Wedding present for N. Korea’s first couple
LOS ANGELES ― I guess I am a sucker for old-fashioned romance. When I heard about the stunning marriage of Kim Jong-un, the young new leader of North Korea, to the lovely Ri Sol-ju, apparently a professional singer, I hurriedly buried the ideological hatchet and grabbed the latest Brides magazine to figure out what would be a trendy wedding present for the happy couple.
Let’s face it: Humdrum daily life tends to be so difficult ― and not only in very troubled North Korea ― that these rare moments of inspired ritual and ceremony are just not to be ignored.
But recently I almost missed this one ― and what a big one it was! Yes, it was a cruel disappointment not to have been invited to the wedding, presumably in the party-going capital city of Pyongyang. But an invitation must have been hard to get (maybe it was one of the Vegas-style weddings with barely anyone else there). Still, look at it from my standpoint: For more than half as long as new leader Kim Jong-un, 29, has been alive, I have been writing about Asia, America and North Korea’s tenuous relationship with the outside world, not to mention reality.
One thus might have hoped for a measure of respect for an elder like me. But this was not to be. Okay ― I was one of the millions ― well, billions ― around the world who was uninvited. So I shouldn’t take it personally and I definitely will not let it get me down.
I am going to imagine that I had in fact been invited but the immense pressure of university teaching obligations prevented my attendance. Thus, since I am actually feeling guilty about missing the Pyongyang event, I will send the happy communist couple a proper wedding gift.
This would only be right, don’t you think?
But what to send? I mean, what do you buy for a couple that may have everything but whose country has next to nothing? Given all those hungry if not starving North Koreans, the usual Tiffany vase or whatever somehow seems not the right gesture. And, by a similar token, a sack of rice would somehow seem, oh, patronizing.
This gift thing required some serious thinking. In fact, I’ve been working on the dilemma for a few weeks. Finally, I think I’ve got it. What the first couple of North Korea needs is something that not only the entire populace is desperate for but also something that the political leadership lacks too.
They need new ideas ― even more than rice, not to mention vases.
Or at least they need to start thinking about ideas that are new to them. And so I am putting together a gift bag of books for Pyongyang’s groom Jong-un and bride Sol-ju. What do you think of this selection?
For starters, the book bag includes that old classic ``The Road to Serfdom’’ by the late libertarian Friedrich von Hayek. Sure, it’s a 1940s book but its theme is one that is ageless. It’s that dogmatic overly centralized economic planning, by all-powerful government foolishly believing it is also all knowing, will inevitably produce economic ruin, and eventually fascism or totalitarianism.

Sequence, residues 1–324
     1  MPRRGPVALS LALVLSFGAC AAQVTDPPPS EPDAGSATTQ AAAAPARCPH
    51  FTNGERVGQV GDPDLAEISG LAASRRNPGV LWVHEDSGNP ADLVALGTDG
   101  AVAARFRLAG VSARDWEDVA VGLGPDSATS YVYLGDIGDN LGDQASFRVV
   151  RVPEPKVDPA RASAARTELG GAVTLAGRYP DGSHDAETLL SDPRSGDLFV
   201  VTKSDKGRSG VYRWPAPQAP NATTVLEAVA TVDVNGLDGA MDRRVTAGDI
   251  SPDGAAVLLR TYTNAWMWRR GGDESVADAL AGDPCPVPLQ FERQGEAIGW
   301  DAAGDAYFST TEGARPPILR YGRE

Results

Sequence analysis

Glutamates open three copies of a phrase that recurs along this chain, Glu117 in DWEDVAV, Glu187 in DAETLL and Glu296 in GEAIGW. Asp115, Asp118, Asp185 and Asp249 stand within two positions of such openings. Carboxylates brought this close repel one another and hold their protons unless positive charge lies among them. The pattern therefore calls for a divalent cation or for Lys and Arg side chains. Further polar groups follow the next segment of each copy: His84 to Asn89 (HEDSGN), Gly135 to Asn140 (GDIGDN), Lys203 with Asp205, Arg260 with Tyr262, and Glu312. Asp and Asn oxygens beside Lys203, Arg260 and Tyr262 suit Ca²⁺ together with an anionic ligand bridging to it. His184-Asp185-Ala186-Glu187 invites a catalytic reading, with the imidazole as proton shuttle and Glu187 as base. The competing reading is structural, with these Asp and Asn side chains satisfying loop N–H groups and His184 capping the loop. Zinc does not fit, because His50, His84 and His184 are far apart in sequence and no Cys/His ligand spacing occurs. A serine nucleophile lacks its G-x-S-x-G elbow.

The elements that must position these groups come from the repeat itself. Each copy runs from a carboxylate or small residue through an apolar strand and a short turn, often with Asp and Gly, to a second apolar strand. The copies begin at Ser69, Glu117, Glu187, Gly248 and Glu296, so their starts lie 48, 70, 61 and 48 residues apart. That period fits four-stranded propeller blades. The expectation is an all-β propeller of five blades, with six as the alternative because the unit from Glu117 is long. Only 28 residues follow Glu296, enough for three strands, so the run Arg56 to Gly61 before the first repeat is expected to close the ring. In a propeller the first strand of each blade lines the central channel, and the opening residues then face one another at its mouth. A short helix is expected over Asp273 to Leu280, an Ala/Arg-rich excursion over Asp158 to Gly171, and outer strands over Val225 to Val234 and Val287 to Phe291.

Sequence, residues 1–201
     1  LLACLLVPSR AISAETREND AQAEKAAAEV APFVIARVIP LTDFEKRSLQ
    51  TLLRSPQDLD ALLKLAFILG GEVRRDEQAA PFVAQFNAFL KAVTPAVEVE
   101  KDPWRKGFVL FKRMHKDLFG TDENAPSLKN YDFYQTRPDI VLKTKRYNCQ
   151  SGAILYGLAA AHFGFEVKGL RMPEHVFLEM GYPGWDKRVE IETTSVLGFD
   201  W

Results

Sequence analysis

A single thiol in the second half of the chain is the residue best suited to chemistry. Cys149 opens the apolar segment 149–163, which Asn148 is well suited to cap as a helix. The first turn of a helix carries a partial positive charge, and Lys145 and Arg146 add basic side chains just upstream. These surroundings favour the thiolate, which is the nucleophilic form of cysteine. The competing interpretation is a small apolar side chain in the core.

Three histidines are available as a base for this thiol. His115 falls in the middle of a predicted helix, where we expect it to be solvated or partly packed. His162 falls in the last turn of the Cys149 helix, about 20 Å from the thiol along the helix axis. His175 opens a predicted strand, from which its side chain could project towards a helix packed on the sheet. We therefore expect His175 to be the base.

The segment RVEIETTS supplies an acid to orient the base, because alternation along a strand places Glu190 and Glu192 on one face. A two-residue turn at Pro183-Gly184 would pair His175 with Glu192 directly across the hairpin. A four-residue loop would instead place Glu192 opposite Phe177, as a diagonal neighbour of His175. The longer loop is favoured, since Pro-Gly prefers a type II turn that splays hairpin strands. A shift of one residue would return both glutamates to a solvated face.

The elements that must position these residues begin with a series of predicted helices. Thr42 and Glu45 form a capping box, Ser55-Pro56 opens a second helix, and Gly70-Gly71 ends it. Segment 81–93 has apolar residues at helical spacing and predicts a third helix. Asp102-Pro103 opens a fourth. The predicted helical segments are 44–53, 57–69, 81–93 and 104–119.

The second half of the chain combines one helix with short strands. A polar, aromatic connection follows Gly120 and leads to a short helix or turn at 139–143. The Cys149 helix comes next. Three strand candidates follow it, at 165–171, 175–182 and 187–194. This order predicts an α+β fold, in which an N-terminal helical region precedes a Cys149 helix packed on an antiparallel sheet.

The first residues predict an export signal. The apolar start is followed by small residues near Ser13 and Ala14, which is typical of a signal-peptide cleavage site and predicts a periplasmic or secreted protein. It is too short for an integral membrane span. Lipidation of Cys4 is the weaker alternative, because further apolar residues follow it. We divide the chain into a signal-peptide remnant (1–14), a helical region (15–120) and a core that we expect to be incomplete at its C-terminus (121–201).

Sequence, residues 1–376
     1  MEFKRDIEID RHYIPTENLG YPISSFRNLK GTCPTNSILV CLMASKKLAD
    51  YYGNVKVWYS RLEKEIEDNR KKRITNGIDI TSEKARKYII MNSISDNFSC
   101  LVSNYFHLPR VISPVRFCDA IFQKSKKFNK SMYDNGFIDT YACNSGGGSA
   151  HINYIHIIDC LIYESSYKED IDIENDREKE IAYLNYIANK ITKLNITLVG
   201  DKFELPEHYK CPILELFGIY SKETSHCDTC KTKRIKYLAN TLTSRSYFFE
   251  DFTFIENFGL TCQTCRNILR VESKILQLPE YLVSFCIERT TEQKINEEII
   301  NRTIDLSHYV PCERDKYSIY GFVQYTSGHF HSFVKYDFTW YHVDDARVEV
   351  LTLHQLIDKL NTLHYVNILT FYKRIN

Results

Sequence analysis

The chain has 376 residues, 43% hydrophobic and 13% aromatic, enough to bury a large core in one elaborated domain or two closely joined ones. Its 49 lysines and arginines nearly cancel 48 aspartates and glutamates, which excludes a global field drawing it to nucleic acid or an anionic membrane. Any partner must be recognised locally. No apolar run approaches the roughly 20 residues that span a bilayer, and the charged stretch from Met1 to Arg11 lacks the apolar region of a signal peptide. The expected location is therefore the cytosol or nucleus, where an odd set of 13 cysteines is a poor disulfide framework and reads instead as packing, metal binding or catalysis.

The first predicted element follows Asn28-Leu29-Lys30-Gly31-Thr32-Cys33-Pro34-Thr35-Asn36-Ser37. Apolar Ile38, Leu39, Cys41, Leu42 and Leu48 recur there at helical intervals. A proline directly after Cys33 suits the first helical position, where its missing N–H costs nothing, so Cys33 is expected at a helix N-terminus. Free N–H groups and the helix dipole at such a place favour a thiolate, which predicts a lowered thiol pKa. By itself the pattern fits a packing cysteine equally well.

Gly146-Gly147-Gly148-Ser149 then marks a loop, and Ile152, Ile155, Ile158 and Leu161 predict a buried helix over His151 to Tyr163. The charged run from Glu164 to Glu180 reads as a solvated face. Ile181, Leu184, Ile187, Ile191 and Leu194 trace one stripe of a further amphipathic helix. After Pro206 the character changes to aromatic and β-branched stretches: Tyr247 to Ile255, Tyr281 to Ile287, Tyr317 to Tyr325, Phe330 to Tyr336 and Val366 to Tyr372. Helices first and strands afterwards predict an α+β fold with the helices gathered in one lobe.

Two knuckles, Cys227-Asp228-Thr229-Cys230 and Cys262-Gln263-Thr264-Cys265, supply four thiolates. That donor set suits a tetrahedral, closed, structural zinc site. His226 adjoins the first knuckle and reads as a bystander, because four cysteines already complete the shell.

Then, as the second gift, I throw in one of my all-time favorites: ``Conversations with Stalin,’’ the unforgettable memoir published in 1969. The author was Milovan Djilas, an intellectual member of the inner circle of Marshal Tito, a thinking-man’s communist who accepted that the further he quietly moved the economy away from the severe statist Soviet model, the better things became for his then-named Yugoslavia. Djilas agreed with this, you see, especially after he got to know Stalin. He started as a true-believing communist but ended up a doubt-filled critic ― a devoted deviationist, I think Moscow used to call it.
North Korea could use some deviation, don’t you think, from all the discredited Communist Party economic nostrums?
And finally the third book in the package for Pyongyang is ``The Wealth of Nations’’ by Adam Smith. It basically makes the case that market economics ― which Smith called a “system of natural liberty” ― has a much better chance of making life better for people than feudalism, which was then quite prevalent in the world.
Right, the book was published in 1776. I know, three old tomes as gifts. But, you see, North Korea is behind the times. A good start with this trio of classics can’t hurt. And next year ― on their first wedding anniversary ― I’ll send them some newer books. But they need to start with these three ― first things first. They are way behind in their reading. The happy couple has a lot of catching up to do.
Journalist Tom Plate is a distinguished scholar of Asian and Pacific studies at Loyola Marymount University and a recent visiting professor at United Arab Emirates University. ``Conversations with Ban Ki-moon,’’ his fourth book in the ``Giants of Asia’’ series, is due next month from Marshal Cavendish International.